When you work in a job where people regularly send you documents, you’re bound to come across an obscure file format from time to time, that a basic Windows and Office setup won’t open. Thankfully, by installing a few free apps, you should be able to open almost all files to view them, from which you should be able to print them or save them in a less obscure format.
I’m going to go through applications for both Windows and Mac OS X in this article, but some of the applications are cross-platform and thus available on Linux and other operating systems.
Obscure archive formats
Windows and Mac OS X have long supported the opening of Zip files without the need for any extra software, and OS X will also natively open some Unix formats like GZip and BZip2. But neither supports that RAR format which you may encounter from time to time.
Mac users can download The Unarchiver which decompresses a wide variety of archive formats – RAR included. In my mind, it’s actually better than OS X’s built-in archive support so I use it for all archive formats, not just the less-used ones. It’s free, open source and can be installed either from the Mac App Store or as direct download.
On Windows, I’d recommend 7-Zip, which opens most archive formats (although not quite as many as The Unarchiver). It also lets you create Zip files with a better compression ratio that Windows itself, and has a relatively light and simple interface. Again, it’s free.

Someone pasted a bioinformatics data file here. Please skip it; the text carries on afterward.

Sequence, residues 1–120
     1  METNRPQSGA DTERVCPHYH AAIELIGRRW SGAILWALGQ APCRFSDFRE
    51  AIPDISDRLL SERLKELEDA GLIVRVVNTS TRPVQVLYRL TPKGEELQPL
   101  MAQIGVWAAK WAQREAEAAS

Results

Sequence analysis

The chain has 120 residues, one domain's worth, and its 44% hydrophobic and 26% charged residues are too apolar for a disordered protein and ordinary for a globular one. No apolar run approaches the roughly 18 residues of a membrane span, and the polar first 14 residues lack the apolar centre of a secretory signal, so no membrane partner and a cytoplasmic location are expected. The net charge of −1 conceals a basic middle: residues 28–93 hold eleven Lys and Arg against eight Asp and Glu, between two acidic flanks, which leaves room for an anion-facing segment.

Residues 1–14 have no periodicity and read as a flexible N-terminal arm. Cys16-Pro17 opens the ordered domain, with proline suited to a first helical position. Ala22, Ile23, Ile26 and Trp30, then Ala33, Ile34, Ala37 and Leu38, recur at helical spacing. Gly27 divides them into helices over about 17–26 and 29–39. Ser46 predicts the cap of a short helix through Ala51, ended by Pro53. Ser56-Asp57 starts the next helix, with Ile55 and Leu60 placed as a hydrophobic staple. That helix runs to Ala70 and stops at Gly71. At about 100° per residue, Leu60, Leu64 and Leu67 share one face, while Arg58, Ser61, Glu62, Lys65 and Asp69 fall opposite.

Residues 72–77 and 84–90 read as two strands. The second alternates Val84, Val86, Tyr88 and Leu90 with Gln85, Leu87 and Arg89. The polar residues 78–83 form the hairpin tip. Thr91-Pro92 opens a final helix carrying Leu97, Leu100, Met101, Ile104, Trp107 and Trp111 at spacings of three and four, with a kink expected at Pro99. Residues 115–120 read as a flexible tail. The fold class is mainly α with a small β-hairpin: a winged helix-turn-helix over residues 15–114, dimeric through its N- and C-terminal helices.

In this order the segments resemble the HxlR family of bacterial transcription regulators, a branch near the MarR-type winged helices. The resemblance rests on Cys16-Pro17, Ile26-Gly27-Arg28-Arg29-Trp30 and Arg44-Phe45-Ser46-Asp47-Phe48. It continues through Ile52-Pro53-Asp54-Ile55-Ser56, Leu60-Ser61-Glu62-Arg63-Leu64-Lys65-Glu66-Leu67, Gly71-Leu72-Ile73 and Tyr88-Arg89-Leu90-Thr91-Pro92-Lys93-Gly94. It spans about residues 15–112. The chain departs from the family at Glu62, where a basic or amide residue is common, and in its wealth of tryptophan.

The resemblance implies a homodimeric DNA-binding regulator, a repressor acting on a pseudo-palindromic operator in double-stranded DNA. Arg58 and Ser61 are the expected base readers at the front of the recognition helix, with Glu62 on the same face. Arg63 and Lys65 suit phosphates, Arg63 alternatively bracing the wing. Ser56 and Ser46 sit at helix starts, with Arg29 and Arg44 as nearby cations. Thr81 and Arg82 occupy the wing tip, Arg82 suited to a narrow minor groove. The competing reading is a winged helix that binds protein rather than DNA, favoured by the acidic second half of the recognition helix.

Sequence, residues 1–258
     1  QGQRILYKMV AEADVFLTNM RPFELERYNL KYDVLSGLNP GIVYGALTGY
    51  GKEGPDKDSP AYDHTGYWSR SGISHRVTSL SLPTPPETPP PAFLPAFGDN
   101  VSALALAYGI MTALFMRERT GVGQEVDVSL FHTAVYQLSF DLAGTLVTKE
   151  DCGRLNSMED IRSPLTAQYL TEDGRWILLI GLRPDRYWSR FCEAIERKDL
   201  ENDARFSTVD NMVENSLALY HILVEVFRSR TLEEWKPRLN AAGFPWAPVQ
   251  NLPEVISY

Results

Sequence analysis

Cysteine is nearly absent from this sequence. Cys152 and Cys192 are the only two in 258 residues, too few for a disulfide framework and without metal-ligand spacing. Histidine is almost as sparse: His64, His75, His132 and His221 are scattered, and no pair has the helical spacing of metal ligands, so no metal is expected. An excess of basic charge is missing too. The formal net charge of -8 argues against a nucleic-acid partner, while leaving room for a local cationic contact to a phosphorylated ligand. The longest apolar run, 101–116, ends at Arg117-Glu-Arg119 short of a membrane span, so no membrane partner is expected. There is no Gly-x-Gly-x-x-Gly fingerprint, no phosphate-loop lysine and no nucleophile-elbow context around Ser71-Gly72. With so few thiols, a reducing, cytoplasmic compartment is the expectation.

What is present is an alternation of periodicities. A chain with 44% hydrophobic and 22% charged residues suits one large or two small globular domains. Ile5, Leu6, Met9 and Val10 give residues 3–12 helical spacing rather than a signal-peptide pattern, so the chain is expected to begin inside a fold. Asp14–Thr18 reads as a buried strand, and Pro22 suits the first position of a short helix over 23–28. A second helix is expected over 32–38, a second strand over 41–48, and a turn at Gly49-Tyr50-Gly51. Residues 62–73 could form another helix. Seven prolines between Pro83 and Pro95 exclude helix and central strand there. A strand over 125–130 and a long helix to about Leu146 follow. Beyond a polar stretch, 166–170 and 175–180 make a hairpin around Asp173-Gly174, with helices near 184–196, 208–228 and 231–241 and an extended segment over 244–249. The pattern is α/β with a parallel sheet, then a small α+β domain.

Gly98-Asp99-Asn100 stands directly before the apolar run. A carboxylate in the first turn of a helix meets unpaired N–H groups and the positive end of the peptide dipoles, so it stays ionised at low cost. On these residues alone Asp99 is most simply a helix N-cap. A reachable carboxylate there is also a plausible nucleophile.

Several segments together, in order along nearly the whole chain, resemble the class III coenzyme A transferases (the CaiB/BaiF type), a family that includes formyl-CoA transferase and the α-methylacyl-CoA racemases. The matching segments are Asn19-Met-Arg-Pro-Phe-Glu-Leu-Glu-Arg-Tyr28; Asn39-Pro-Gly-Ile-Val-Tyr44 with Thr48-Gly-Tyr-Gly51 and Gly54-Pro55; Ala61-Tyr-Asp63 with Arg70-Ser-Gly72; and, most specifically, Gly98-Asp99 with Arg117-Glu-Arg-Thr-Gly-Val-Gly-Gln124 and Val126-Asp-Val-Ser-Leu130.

If 7-Zip still can’t open an archive, such as the now very rare StuffIt format, try ExtractNow, which is also free.
Opening PDF files
Windows 7 still ships without the native ability to open PDF files (probably due to anti-trust fears) so you’ll almost certainly need an app capable of opening PDF files. Adobe Reader is the obvious choice – it’s free and should open every PDF file without problems, and recent versions haven’t been the bloated mess that plagued older versions. But it’s not the only choice – Sumatra PDF are FoxIt Reader are also worth looking into. And you can install a PDF reader extension for Firefox.
Mac users get Preview included, and this generally works fine – there’s no need to install a third-party PDF reader.
Microsoft Office will open most file formats, provided you have the right component application. If it doesn’t, or you have the more restrictive Home and Student edition, look into LibreOffice which opens a dizzying array of file formats. This includes rarities like files from Microsoft Works, Lotus WordPro and Microsoft Pocket Word. It’s available for both Mac and Windows.
Again, Windows and Mac OS X do ship with file viewers that handle the common image formats and 99.9% of the time these will do fine. But I always have a copy of IrfanView on Windows for everything else – PhotoShop files and FlashPix images, for example. Make sure you install the IrfanView Plugins package alongside the main program to unlock all of its features – both are free.
I haven’t found anything comparable for the Mac yet, but would appreciate suggestions.
Video and audio files
VLC will generally play anything that you can throw at it, it runs on both Mac and Windows, and there’s no messing around with installing codecs. This is probably your best option if Windows Media Player or QuickTime can’t handle a file.
If you do want to try installing codecs, then on Windows you could try the Combined Community Codec Pack (CCCP). Uninstall any existing codec packs, and then run the CCCP Insurgent tool to remove any lingering traces, then install CCCP. This should allow Windows Media Player, or the bundled Media Player Classic, to play all but the most obscure video and audio file formats.